FIRST ON EWN: Sonny Bill eyes Super Rugby glory

Sonny Bill Williams says he dreams of winning the Super Rugby trophy with the Chiefs.

Sonny Bill Williams celebrates with teammate. Picture: AFP

CAPE TOWN - The fact that All Black and Chiefs star centre Sonny Bill Williams announced last week that he was going to put his Rugby Union career on hold, didn't come as any great surprise.

The speed of it did though, as he confirmed that as soon as this year's Super Rugby campaign finishes he will be leaving to take up a short-term contract with Japanese team the Panasonic Wild Knights and in the process forgo the chance to play in the inaugural Rugby Championship.

That will bring to an end over five years in the code in which the 26-year-old has won a World Cup, played for two different Super Rugby franchises and been a star in France's Top 14 with Toulon. His return to the National Rugby League, having formally played for the Bulldogs, is the result of an agreement sealed with a handshake made while still in France.

Speaking exclusively to EWN Sport , Williams says that the decision he's made was not an easy one to arrive at: "It was a pretty tough decision but I had an agreement to go back to the NRL next year.

"I could have stayed around to play in the Rugby Championship but then Japan came with an offer. First I turned them down before they came with another that I would have been crazy to turn down.

"I've chosen to embrace it and go over there and enjoy myself. It will be pretty cool to see what's happening over there," he says.

Williams' career is the antithesis of any other modern player by the virtue of the fact that while also having a storied Union and League career, he has also embarked on a career as a professional boxer.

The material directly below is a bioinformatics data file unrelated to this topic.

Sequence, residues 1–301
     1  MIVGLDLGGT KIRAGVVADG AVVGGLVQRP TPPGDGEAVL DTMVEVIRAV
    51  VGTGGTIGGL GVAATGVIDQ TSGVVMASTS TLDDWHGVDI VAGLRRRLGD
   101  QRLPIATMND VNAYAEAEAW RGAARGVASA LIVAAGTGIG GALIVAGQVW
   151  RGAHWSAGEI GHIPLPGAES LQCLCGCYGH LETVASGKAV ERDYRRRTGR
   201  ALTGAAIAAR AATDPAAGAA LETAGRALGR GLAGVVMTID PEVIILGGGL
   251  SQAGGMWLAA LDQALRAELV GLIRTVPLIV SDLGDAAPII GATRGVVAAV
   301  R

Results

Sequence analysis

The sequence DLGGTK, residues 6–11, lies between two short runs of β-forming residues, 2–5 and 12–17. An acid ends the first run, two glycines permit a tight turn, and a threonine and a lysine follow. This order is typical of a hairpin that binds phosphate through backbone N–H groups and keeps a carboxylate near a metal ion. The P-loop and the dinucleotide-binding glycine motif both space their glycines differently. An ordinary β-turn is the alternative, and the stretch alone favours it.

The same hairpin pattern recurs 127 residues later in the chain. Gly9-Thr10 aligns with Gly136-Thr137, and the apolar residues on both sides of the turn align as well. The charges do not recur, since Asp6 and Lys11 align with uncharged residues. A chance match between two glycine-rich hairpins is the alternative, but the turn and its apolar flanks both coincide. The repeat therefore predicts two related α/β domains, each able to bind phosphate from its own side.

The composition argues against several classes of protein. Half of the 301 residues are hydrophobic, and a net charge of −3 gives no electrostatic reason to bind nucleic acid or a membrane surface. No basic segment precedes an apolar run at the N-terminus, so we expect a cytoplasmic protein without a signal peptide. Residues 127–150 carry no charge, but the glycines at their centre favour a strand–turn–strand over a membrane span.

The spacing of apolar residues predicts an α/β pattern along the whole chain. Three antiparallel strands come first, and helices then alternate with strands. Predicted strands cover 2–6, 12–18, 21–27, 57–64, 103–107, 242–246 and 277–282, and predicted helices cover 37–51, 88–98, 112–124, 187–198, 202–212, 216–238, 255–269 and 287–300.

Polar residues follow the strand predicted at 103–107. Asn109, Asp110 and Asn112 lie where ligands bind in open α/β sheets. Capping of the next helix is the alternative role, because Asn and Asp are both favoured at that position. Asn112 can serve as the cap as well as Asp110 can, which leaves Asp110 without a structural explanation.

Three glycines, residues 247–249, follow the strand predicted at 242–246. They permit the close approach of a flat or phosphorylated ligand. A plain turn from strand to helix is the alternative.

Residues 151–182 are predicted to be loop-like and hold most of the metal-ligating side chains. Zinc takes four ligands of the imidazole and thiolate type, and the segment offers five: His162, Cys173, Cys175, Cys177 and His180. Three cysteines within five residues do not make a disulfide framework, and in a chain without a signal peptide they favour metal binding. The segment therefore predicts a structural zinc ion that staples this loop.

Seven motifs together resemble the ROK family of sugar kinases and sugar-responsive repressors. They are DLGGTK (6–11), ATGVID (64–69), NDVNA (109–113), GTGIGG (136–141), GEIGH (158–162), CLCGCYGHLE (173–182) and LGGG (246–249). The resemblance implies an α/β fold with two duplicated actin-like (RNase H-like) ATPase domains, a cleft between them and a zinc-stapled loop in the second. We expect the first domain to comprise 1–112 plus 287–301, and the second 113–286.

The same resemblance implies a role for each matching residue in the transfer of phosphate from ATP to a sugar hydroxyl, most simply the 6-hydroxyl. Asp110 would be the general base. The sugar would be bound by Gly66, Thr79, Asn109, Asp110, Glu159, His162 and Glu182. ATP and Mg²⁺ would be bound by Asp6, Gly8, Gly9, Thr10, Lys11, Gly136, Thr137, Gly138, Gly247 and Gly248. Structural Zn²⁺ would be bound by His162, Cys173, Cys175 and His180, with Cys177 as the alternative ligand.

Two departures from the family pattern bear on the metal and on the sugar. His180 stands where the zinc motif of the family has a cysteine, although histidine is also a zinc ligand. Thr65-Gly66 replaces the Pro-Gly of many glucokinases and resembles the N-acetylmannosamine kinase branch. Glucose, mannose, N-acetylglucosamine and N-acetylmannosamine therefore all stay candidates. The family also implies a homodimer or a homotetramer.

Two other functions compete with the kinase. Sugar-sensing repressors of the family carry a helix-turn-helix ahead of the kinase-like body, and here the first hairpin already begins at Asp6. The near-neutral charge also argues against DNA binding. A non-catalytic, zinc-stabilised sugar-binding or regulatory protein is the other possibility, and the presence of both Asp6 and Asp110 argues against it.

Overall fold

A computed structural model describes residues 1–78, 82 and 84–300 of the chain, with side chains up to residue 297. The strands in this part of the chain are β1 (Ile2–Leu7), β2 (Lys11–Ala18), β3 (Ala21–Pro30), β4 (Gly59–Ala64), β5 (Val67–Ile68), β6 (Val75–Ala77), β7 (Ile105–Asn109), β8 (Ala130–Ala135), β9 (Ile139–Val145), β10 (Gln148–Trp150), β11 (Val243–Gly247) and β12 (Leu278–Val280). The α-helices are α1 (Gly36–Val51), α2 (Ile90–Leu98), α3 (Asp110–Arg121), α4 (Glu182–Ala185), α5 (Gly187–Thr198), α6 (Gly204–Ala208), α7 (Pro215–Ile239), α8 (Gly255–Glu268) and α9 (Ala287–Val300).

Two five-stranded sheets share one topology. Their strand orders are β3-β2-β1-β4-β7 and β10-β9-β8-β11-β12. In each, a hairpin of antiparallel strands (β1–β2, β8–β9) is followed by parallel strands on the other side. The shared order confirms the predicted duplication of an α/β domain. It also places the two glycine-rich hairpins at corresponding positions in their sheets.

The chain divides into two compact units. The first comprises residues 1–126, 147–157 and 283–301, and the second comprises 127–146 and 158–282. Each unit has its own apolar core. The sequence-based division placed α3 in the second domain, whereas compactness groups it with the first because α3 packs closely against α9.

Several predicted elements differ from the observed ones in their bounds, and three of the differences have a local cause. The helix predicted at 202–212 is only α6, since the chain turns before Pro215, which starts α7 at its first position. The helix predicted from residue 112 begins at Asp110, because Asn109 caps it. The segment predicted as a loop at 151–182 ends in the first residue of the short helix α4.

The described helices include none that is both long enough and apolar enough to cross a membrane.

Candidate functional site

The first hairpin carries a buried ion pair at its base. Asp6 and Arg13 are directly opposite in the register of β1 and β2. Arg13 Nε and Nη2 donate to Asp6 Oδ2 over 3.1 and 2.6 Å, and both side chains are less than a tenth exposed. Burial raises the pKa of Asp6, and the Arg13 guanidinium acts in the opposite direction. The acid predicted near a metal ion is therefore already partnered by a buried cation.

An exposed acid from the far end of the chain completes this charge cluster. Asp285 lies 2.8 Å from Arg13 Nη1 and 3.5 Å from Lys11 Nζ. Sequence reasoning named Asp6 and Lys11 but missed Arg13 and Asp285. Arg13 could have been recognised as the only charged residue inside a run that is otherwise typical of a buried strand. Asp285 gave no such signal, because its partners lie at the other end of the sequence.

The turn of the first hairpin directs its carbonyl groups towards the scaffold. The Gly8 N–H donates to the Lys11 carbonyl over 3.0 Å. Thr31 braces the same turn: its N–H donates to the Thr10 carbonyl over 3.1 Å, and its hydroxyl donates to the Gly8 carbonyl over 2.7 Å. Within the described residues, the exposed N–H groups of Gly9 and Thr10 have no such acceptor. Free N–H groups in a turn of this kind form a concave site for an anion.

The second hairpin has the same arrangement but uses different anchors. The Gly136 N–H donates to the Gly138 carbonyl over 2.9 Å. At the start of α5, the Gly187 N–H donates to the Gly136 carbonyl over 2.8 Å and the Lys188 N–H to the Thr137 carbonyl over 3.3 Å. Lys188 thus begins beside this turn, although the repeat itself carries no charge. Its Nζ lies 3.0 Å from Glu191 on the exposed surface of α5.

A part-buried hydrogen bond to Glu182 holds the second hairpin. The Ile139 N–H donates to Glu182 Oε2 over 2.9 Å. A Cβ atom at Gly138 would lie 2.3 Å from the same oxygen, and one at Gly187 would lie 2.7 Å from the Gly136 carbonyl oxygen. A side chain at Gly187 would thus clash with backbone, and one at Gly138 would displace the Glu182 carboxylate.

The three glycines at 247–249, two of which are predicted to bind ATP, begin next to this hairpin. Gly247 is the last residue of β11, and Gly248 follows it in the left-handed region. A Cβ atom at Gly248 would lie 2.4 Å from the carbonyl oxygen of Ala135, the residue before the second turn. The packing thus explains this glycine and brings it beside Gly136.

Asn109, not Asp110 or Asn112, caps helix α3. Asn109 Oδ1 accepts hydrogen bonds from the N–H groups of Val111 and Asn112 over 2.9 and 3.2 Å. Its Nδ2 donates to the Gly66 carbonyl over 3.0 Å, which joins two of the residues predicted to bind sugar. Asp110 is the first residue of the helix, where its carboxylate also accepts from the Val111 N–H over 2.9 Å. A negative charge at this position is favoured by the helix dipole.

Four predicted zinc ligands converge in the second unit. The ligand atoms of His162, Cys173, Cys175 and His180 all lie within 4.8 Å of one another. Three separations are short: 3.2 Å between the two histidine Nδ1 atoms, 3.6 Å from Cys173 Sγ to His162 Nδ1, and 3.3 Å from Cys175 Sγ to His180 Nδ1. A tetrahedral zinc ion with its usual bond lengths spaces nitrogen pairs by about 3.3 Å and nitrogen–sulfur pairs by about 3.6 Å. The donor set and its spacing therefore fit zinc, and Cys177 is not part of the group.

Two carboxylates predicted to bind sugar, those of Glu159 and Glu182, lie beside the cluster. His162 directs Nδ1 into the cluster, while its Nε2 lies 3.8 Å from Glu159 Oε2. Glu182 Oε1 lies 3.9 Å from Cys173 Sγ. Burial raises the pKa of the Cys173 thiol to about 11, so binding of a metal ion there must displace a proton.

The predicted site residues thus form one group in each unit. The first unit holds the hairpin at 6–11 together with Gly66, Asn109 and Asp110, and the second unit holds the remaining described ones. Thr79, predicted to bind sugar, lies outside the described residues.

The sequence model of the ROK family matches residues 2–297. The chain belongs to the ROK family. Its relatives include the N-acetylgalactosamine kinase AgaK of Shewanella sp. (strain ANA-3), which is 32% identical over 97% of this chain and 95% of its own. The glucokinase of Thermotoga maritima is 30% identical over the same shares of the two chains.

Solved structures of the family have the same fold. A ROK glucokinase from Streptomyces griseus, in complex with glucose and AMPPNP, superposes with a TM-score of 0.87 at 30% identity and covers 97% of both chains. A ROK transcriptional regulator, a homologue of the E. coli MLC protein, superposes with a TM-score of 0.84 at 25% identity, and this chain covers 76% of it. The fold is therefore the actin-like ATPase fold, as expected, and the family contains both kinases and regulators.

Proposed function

There are sectors of the media and public who've accused him of being a mercenary, it's something though that he is quick to rebuff as he time and again puts his own reputation on the line he says.

"I think that a lot of people think that my manager goes out there and shops me around but it's the opposite, he doesn't do anything.

"I just try and perform on the field; and I believe if you're performing on the field then the offers will come. They (the Wild Knights) must have seen me play in the World Cup and in last year's Super Comp and must have liked what they'd seen."

The Chiefs finished second on this year's Super Rugby log which sees them host a semi-final on the 28th of July. It's a competition that Williams desperately wants to win to add to his notable list of achievements.

"I want to leave New Zealand on a high. A lot of people wrote us off at the start of the year but we knew as a team that we had a lot to prove. That's what motivated us, we were all in the same boat; we're a new franchise, not just players but as coaches too, and we had something to prove and we've done that so far. But we've lost our last 2 games on the trot and it's been pretty tough. This week hopefully we can fix a few things and get to where we were before that break."

Williams and his manager Khoder Nasser have refused to divulge which NRL club he is to join next year but says that they made the decision when he was still uncertain as to what his Rugby Union career held and that now he is honouring that promise.

"The deal was struck a few years ago when I didn't know what I was going to do. I hadn't even come back to New Zealand at that stage, coming back here I didn't know what was in store for me so back then it was good to have something solid (in place)."